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Order Secured in Case After Dog Attacks Young Girl at a Halloween Party

Per a recent court order entered on March 15, 2023, plaintiffs Brenda and Will Weiss will be permitted to proceed with a legal claim against the owner of a dog that bit their 3-year-old daughter at a Halloween party. The Court found that a question of fact existed concerning the defendant’s (owner’s) knowledge of the dog’s potential to cause an injury. As a result, the Court rejected the defendant’s request for a summary judgment on all counts.

Video footage from inside the home where the attack happened shows the child, Hannah Weiss, approaching the dog while the adults were looking in the opposite direction. Hannah approached the dog three times before it attacked her. Hannah then walked over to her mother with her hand over her eye, having suffered a bite wound inflicted by the dog.

The Court based its decision on evidence of the dog owner’s superior knowledge. Under the theory of “superior knowledge,” a dog owner could be liable for injuries caused by their animal if:

  • They knew or should have known that the dog was vicious or dangerous.
  • The dog was “at liberty” when the attack happened.
  • The injured party did nothing to provoke the dog’s attack.

In other words, a victim could hold a dog owner liable by showing the owner had superior knowledge of the danger and failed to warn or protect others. A jury might infer that a dog owner had superior knowledge if the evidence proves they were aware of at least one similar incident that would lead a reasonable person to believe the dog was capable of causing injury.

In this case, Hannah’s parents submitted evidence from veterinary records demonstrating that the dog had previously acted aggressively in a vet’s office. The dog snapped at office personnel when they attempted to coax it out of a corner for treatment. “Based on the Court’s proper application of the superior knowledge standard, Brenda and Will Weiss will now be able to confidently move forward in court and seek justice for Hannah,” said the plaintiff’s counsel, Brittany Schwanitz.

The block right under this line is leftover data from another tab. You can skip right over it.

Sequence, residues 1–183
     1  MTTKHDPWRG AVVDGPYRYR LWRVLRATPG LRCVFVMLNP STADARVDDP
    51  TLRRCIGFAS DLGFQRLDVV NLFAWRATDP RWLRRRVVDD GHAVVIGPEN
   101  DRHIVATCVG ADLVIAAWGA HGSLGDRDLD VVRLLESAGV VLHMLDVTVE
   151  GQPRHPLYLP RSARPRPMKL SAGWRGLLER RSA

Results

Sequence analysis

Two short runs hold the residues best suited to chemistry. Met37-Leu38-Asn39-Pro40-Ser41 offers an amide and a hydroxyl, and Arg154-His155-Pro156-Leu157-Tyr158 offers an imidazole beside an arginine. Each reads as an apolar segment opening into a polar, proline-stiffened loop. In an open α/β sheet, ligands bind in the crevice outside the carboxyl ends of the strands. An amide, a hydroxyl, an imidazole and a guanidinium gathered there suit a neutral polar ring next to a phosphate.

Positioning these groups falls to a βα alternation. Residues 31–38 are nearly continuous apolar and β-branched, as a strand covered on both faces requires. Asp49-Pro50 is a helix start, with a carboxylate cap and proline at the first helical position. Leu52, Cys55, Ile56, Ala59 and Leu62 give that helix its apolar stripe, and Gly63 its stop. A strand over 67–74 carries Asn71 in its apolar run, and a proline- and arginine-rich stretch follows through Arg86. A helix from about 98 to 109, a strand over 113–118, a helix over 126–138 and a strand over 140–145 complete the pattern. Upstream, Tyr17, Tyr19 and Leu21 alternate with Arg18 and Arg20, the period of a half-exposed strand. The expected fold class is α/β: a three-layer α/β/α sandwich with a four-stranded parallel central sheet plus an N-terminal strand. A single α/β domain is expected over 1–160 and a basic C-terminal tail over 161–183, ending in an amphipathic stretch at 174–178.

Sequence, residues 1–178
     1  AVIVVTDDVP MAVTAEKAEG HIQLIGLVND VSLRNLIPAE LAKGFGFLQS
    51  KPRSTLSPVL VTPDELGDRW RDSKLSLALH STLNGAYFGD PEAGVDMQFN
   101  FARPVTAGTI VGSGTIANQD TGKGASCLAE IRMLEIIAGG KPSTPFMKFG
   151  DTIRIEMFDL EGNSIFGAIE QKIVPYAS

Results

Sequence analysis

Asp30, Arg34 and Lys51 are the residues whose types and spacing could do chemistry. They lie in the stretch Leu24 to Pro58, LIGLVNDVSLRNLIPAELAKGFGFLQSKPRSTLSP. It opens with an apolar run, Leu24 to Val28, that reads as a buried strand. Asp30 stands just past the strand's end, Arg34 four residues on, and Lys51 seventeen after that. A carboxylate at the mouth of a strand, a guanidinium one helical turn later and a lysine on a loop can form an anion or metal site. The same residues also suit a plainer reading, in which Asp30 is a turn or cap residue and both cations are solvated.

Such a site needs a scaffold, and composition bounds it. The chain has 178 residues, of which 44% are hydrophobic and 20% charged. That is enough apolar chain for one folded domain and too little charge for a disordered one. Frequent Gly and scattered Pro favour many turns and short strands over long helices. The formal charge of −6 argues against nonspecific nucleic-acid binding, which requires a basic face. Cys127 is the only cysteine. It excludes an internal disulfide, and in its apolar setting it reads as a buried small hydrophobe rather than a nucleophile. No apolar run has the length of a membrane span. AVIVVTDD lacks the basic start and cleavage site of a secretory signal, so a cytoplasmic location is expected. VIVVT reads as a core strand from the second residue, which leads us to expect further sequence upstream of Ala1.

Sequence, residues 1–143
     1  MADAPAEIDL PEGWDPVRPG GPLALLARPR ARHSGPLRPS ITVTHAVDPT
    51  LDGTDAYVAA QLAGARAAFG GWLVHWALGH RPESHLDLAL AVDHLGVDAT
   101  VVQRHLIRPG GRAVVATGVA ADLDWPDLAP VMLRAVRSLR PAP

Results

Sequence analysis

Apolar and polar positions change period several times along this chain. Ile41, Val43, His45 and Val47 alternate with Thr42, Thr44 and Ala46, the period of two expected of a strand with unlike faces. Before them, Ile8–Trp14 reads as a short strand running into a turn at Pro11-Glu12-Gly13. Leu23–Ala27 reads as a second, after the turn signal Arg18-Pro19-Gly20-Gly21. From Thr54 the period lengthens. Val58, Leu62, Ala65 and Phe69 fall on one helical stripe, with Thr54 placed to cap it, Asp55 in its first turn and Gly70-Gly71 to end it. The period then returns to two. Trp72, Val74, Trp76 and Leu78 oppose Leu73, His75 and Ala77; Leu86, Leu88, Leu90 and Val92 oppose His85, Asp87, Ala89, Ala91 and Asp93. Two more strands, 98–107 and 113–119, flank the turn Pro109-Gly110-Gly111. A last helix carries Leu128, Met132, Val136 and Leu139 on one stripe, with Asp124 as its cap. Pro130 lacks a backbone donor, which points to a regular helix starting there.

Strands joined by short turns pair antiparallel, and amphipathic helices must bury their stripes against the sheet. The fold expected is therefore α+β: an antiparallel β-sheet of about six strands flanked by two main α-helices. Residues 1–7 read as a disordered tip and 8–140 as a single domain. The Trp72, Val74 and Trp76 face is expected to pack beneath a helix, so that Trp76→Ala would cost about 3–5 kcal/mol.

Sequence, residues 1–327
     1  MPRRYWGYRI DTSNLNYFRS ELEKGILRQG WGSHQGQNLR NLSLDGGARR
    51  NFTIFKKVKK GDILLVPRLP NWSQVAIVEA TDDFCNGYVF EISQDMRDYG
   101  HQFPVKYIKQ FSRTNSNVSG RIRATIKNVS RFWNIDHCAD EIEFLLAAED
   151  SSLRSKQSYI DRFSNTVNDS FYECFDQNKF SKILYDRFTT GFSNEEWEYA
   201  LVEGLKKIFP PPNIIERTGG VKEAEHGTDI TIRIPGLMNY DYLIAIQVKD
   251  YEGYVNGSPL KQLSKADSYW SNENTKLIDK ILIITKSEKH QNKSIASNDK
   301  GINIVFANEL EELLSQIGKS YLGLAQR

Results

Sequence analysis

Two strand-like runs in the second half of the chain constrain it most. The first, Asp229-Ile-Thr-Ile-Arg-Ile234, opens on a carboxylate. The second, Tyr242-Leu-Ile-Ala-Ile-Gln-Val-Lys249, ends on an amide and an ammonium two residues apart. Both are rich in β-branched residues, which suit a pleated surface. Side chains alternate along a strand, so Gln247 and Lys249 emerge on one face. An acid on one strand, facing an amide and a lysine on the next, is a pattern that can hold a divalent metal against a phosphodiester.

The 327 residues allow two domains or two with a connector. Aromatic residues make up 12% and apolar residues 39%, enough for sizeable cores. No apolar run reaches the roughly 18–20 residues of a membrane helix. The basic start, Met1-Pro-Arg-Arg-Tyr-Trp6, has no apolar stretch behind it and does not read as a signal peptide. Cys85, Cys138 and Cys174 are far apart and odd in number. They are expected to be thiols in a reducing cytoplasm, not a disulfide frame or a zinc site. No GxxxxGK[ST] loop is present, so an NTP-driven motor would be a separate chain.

Dog Bite Statistics

According to the American Veterinary Medical Association (AVMA), over 4.5 million dog bites happen each year in the United States. Roughly 20 percent of these dog bite victims require medical care after the attack. However, not all bites are reported, so these staggering numbers are likely even higher.

Dog Bite Laws in Georgia

Some states have “one-bite” laws, which largely prevent dog bite victims from holding owners responsible if the dog has never bitten anyone before. Georgia has modified the one-bite rule so that a victim can hold an owner liable even if their dog has not bitten others in the past. However, the victim must prove the owner knew or should have known the dog was vicious or dangerous and did not supervise the dog properly.

Contact a Georgia Dog Bite Lawyer for Help

If you or a loved one suffered injuries from a dog bite or attack in Georgia, you might be entitled to compensation. The legal team at Kevin A. Adamson, P.C. can help you pursue it. Contact us today for a free consultation session to learn more.